I'm trying to get on with a largeish writing project, so far with very little success. Lately I've decided to stop trying to begin at the beginning and plunge in somewhere nearer the middle, but so far that hasn't worked very well either. The trouble with having a computer is that it's very hard to face a blank screen for very long. It's much easier to start rummaging around in your files and find something, anything, that might serve as a way in.
It didn't work, of course. But along the way I found a story about the first dinner party I cooked for, so I thought I'd post it. (This is, as some of you will already have remarked, a cunning way to avoid having to come up with an entirely new blog post. I have written another new piece this week, though - a Letter from Elsewhere on the Veitch story. Read it on Scoop at
I’m nineteen, I’ve been married for over a month, and I’ve invited my favourite professor to dinner at our flat. It all seems simple enough. First we will have Seventeenth Century Grilled Pork Chops, spread with a mixture of parsley, chopped onion, oil and lemon juice. The recipe comes from the friend who gave me cooking lessons after I got engaged, because I literally couldn’t boil an egg. With them we will have rice (because potatoes are boring and bourgeois) and green beans (frozen, so no problems there).
Then we will have Chocolate Orange Fluff. I found it in my kitchen bible, The Nancy Spain Colour Cookery Book, with a picture for every recipe. Dissolve a packet of orange jelly, beat it up with a can of evaporated milk, leave it to set, then decorate it with chocolate buttons, bits of orange and whipped cream. Easy.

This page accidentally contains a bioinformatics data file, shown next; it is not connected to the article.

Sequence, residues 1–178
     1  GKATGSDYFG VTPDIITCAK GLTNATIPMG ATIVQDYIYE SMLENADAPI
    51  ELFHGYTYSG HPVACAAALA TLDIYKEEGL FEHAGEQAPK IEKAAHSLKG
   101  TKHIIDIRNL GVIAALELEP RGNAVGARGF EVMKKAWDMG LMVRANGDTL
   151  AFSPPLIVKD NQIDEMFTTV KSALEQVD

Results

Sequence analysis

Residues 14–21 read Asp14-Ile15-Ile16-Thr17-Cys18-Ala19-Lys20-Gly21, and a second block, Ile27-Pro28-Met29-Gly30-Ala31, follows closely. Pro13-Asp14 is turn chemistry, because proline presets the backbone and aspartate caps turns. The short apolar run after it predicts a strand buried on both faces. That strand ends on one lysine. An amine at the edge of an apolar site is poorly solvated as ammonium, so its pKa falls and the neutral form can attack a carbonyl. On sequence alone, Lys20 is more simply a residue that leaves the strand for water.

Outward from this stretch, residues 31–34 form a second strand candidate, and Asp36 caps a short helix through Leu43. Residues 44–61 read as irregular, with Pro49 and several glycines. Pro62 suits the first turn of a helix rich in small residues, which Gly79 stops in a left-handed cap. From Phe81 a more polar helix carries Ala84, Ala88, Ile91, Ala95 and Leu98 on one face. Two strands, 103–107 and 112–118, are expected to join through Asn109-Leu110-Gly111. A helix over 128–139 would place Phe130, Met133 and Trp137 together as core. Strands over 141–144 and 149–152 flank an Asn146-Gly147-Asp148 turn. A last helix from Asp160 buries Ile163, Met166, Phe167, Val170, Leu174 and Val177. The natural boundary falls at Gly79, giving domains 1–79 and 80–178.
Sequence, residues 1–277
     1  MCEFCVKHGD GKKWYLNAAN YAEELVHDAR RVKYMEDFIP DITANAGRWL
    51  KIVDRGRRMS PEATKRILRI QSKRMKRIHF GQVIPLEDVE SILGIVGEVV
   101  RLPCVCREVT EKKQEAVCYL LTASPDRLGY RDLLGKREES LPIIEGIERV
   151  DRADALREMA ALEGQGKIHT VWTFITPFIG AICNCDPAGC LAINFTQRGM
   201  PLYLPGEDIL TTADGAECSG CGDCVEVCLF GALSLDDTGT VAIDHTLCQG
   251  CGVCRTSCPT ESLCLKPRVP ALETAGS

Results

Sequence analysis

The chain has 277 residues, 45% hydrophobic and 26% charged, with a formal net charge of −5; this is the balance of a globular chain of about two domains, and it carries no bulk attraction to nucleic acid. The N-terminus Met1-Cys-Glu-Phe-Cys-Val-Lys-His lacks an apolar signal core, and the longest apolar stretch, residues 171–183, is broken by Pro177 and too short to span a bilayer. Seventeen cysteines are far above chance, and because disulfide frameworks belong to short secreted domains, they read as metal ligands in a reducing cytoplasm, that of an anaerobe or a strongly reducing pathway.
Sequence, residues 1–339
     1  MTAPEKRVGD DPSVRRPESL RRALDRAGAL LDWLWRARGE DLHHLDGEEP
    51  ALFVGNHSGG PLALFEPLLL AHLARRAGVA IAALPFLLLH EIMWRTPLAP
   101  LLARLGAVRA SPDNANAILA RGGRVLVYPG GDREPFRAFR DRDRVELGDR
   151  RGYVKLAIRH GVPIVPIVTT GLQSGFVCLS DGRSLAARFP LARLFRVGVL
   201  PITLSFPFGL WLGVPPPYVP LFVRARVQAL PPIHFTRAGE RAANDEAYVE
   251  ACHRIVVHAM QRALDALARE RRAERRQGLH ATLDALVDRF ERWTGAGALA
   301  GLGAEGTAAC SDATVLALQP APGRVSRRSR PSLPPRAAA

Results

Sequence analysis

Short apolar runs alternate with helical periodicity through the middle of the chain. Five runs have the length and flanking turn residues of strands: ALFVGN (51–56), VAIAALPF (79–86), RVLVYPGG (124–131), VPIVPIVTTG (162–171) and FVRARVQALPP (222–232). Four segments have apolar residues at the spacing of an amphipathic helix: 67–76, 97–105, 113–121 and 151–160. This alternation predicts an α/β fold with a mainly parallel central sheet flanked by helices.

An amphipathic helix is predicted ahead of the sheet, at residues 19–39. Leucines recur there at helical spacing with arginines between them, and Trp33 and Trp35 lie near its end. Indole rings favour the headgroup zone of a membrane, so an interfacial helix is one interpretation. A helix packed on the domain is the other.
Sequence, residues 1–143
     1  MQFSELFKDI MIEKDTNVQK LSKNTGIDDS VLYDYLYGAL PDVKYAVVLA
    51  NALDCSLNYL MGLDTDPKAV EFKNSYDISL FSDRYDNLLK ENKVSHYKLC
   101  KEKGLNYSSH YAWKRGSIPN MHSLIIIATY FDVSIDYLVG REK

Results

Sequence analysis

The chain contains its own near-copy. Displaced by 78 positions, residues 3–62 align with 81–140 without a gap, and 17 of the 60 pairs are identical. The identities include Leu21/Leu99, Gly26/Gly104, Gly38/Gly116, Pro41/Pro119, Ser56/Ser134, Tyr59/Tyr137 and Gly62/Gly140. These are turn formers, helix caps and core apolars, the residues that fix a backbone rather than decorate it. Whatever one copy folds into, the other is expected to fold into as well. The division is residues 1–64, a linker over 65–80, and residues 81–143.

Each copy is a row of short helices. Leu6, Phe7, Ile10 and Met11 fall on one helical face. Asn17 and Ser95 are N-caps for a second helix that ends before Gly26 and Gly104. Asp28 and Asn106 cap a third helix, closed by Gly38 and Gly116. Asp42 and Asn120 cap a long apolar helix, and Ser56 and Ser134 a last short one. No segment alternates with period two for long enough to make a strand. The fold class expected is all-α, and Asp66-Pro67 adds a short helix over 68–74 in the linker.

The dessert has to sit on the kitchen floor to set, because the table is in the sitting room, disguised with a rough linen tablecloth (the only item in my glory box). I’ve laid it carefully with the pick of the wedding presents, brown Finlandia plates and lumpy brown pottery beakers. Tom Crawford and Chris sit awkwardly knee to knee, eating peanuts and drinking Bakano, while I work frantically behind the curtain, trying to time boiling the rice and beans and grilling the chops so everything will be ready at the same time.
The rice is gluggy and the beans are grey. The chops aren’t raw, but they are rock hard. Tom chews his way bravely through it all, keeping up a flow of urbane literary chat. I take solace from the coming dessert, sitting pretty in its cut glass dish. But not knowing the difference, I used sweetened condensed milk instead of evaporated milk. The fluff has turned into a sickly-sweet goo.
It takes me a while, but I do learn. I still make the chops, though now I bake them, and every so often I go back to Nancy Spain. But the Chocolate Orange Fluff has never reappeared.
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